Thursday, December 11, 2014

Semiconductor Manufacturing 2015 Demand

Key new drivers for new semiconductor fabrication tools is advancing FinFETs 20nm to 16nm/14nm with reasonable yield, and the pace of implementation of 3D NAND. 

Ramp up of 3D flash manufacturing tools will really happen only in 2016 due to length of the development cycle.

In lithography, multi-patterning will continue to be used while EUV continue to faces difficulties. More details are below.

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Fab Tool Biz Faces Challenges In 2015

After a slight downturn in 2013, the semiconductor equipment industry rebounded and experienced a solid upturn in 2014. The recovery was primarily driven by tool spending in the foundry and DRAM [KC]sectors.
Another big and ongoing story continued to unfold in 2014. In late 2013, Applied Materials announced a definitive agreement to acquire Tokyo Electron Ltd. (TEL) for $9.3 billion. The deal was supposed to close in the second half of 2014. But now, the completion of the deal has been pushed out into 2015 amid a host of complicated regulatory issues.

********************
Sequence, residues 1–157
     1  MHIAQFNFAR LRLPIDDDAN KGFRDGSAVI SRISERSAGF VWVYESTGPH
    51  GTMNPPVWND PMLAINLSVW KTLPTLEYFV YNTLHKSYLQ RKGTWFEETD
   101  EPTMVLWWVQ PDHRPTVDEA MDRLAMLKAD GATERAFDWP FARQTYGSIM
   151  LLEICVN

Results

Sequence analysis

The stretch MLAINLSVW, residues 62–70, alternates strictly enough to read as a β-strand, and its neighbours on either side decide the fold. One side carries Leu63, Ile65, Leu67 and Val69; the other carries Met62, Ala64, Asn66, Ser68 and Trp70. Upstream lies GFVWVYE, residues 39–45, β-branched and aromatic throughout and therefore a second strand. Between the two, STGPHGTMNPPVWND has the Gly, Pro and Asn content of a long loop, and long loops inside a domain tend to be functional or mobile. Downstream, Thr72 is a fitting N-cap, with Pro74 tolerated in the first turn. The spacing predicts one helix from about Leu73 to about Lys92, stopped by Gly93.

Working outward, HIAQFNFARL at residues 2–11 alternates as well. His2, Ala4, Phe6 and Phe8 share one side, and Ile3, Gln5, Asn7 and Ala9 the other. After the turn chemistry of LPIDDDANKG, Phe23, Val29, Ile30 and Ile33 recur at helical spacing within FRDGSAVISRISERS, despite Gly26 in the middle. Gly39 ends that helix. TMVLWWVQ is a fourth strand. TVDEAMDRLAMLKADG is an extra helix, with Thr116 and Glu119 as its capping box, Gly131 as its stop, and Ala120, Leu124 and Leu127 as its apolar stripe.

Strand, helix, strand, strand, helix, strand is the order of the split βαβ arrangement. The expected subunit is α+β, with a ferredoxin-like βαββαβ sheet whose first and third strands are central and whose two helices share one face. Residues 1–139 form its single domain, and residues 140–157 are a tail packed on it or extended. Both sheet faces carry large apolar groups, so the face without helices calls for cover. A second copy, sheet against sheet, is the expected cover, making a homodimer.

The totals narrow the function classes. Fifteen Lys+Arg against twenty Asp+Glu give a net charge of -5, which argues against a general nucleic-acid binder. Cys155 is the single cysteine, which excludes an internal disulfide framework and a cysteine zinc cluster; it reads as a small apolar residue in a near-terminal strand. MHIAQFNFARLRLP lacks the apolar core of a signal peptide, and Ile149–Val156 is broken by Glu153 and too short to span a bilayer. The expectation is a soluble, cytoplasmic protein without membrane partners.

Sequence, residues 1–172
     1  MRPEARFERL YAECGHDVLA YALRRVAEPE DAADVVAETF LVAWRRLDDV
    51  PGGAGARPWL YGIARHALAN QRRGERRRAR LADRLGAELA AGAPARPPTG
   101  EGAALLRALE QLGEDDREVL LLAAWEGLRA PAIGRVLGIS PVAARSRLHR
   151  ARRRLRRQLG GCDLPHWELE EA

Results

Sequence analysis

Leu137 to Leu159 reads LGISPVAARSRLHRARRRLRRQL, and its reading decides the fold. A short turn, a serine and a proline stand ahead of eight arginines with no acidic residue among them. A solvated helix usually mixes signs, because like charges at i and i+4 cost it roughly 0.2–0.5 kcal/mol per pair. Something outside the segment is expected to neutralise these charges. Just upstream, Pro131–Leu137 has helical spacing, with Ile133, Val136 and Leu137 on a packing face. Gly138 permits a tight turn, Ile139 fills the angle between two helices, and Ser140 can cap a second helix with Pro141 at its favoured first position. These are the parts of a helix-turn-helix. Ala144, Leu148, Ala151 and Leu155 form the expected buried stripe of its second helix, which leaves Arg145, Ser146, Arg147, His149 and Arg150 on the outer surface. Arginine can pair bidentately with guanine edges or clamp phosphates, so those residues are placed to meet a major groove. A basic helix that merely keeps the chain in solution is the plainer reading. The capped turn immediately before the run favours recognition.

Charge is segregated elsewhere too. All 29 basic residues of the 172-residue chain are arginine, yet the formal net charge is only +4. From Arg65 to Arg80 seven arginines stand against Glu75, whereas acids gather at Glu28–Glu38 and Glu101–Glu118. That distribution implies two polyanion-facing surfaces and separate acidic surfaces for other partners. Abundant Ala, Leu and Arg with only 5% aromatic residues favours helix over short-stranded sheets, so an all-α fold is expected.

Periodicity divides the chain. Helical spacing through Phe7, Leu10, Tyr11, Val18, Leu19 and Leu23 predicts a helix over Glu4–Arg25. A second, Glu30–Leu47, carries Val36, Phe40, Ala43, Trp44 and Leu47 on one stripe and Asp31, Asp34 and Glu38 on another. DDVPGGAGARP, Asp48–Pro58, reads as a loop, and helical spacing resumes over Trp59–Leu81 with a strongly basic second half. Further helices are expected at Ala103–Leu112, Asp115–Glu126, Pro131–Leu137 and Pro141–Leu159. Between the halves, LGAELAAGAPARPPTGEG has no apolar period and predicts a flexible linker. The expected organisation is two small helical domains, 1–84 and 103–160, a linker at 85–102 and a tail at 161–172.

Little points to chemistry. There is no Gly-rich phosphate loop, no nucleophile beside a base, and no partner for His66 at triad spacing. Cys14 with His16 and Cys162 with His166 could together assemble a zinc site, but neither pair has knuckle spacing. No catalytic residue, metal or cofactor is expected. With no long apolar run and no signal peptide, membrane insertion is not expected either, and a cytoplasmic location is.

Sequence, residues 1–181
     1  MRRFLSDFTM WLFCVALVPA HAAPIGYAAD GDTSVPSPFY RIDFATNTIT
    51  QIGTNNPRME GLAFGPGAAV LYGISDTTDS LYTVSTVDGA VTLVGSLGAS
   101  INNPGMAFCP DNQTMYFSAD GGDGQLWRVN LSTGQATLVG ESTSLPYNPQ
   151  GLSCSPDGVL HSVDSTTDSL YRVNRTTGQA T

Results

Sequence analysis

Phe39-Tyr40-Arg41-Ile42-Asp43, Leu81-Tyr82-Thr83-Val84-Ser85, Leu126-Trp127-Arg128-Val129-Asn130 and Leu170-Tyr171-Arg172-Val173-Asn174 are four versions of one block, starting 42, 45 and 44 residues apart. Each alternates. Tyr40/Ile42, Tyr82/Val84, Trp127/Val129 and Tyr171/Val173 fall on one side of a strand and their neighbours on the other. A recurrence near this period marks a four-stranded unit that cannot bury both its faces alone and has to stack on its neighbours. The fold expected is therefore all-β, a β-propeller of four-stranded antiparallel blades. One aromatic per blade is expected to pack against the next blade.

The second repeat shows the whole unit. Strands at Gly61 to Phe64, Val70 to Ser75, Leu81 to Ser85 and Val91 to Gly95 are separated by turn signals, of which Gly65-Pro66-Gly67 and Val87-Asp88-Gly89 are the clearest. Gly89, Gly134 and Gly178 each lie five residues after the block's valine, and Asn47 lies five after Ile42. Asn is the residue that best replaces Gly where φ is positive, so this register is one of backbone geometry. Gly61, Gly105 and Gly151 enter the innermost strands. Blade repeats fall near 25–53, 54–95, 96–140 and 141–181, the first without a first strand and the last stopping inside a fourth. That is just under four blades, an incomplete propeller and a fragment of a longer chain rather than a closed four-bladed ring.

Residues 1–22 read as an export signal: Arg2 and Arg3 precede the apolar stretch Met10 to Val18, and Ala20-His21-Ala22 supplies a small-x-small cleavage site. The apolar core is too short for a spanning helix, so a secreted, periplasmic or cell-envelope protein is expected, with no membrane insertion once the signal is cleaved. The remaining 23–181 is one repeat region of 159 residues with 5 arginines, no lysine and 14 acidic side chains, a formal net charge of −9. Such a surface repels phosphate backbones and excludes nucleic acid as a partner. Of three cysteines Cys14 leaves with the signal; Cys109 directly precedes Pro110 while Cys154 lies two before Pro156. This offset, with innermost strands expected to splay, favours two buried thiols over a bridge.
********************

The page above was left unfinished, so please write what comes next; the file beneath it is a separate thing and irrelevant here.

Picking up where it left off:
In fact, the fate of the Applied-TEL deal is just one of the many burning issues for the industry in 2015. The other issues are also clear:
• Will IC-equipment vendors see an upturn or a downturn in 2015?
• What are the drivers?
• Will 450mm fabs, EUV [] and 2.5D [KC]/3D IC [KC] stacked die really happen?
• Will the equipment industry continue to see more acquisition activity in 2015?